None that I know of. Make sure you remove the passive node from the Cluster Group Possible Owners before installing the service pack

Also, run it on a test environment first to be sure as every environment is different.

Wednesday, November 2, 2011 - 4:35:15 PM - Chris Back To Top (14997)


Any gotchas when installing SP3 on a Passive/Active cluster running SQL 2008 (not R2)?

Tuesday, November 1, 2011 - 9:37:53 AM - bass_player Back To Top (14979)

Yes, it is possible to add a second named instance on the failover cluster and bring it active on the first-instance passive node. Just make sure you have enough cluster disk resources for the second instance. Just go thru the process of installing a new failover cluster as outlined in the steps. In the installation wizard, you will now see an existing SQL Server instance as well as the available disk resources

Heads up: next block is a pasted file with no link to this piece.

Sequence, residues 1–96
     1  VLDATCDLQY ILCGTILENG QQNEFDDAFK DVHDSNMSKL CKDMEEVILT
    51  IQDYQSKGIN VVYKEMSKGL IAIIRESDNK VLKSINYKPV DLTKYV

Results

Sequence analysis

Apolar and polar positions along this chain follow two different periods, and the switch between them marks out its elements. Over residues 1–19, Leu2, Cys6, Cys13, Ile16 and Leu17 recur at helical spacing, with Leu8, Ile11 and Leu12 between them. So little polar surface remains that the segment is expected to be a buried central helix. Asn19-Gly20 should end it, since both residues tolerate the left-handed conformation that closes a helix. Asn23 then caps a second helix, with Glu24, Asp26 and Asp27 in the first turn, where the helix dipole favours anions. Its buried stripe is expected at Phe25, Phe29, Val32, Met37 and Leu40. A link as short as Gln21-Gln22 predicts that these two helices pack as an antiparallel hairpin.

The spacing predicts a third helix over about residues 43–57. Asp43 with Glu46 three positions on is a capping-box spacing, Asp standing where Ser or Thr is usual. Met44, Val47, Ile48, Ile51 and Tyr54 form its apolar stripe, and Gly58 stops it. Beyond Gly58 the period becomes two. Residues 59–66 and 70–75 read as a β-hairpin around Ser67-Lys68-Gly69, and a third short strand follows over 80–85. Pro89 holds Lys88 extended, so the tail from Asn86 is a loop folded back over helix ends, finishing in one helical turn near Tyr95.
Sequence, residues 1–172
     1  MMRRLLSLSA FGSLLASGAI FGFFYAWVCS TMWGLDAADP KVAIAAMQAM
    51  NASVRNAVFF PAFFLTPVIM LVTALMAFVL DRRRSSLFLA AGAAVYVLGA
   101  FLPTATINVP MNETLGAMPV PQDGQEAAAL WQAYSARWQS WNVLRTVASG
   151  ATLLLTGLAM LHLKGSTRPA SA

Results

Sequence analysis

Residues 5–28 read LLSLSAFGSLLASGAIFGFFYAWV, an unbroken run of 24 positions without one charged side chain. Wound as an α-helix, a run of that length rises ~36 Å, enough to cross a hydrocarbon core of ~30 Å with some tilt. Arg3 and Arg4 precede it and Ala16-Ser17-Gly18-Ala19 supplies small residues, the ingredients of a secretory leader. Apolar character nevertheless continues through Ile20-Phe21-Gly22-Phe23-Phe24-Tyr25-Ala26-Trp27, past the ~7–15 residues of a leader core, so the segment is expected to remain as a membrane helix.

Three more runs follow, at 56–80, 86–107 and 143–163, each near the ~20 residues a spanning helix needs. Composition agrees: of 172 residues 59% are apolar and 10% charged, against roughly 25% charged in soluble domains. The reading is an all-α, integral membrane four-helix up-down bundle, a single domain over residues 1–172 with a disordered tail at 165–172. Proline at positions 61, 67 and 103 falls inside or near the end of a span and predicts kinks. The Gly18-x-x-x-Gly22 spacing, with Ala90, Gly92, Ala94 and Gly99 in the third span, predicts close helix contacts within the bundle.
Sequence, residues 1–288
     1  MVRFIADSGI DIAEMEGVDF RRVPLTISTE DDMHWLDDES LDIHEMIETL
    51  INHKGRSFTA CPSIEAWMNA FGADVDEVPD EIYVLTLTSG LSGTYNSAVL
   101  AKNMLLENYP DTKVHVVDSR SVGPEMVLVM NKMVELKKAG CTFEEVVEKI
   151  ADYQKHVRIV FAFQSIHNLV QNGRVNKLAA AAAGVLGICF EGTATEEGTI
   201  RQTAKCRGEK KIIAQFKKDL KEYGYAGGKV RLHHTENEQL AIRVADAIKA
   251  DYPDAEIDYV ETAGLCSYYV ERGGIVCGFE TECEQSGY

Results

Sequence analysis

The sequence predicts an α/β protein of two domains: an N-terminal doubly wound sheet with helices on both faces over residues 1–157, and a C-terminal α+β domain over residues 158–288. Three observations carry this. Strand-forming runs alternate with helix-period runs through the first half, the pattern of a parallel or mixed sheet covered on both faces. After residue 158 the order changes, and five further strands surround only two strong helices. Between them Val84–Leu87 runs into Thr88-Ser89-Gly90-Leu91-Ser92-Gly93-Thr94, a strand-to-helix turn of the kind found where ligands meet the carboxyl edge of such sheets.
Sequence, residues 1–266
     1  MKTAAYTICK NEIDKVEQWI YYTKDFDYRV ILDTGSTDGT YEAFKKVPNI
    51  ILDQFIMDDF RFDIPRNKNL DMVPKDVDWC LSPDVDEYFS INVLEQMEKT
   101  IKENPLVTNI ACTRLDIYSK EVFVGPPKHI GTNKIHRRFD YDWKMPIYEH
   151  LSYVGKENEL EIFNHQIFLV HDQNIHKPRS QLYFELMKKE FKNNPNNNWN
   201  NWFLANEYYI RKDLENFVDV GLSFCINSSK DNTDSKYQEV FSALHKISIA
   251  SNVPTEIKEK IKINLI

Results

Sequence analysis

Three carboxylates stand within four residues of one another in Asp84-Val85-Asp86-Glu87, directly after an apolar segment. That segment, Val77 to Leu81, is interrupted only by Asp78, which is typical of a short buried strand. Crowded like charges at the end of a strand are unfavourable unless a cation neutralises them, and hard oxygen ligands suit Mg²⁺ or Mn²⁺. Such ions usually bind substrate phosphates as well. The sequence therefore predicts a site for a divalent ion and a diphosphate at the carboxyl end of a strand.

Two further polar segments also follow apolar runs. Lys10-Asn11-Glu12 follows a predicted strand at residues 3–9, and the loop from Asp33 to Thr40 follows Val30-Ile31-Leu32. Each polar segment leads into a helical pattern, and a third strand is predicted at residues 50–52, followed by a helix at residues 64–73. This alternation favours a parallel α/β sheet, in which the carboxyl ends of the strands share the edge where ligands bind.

However, your licensing model will definitely change as you now have to license both instances. If you intend to run both instances on just one of the nodes, you only need a license for one box times the number of CPU if you're going for the CPU license. Check with your reseller for more information on this matter

Tuesday, January 4, 2011 - 7:26:41 AM - max Back To Top (12482)



it's possible to add a second (named) instance to the failover cluster and bring it active over the first-instance passive node?

If it's possible, where should i start? add new failover cluster?




Tuesday, January 12, 2010 - 9:48:44 AM - tsquillario Back To Top (4700)

 I'm having the same issue as zeeshankhalid.  The install works when I'm using physical 2008 R2 server.  I'm trying to setup a testing environment with VMware Workstation 7 & 2008 R2 to simulate what's in production.  I'm using the SQL 2008 SP1 slipstreamed install.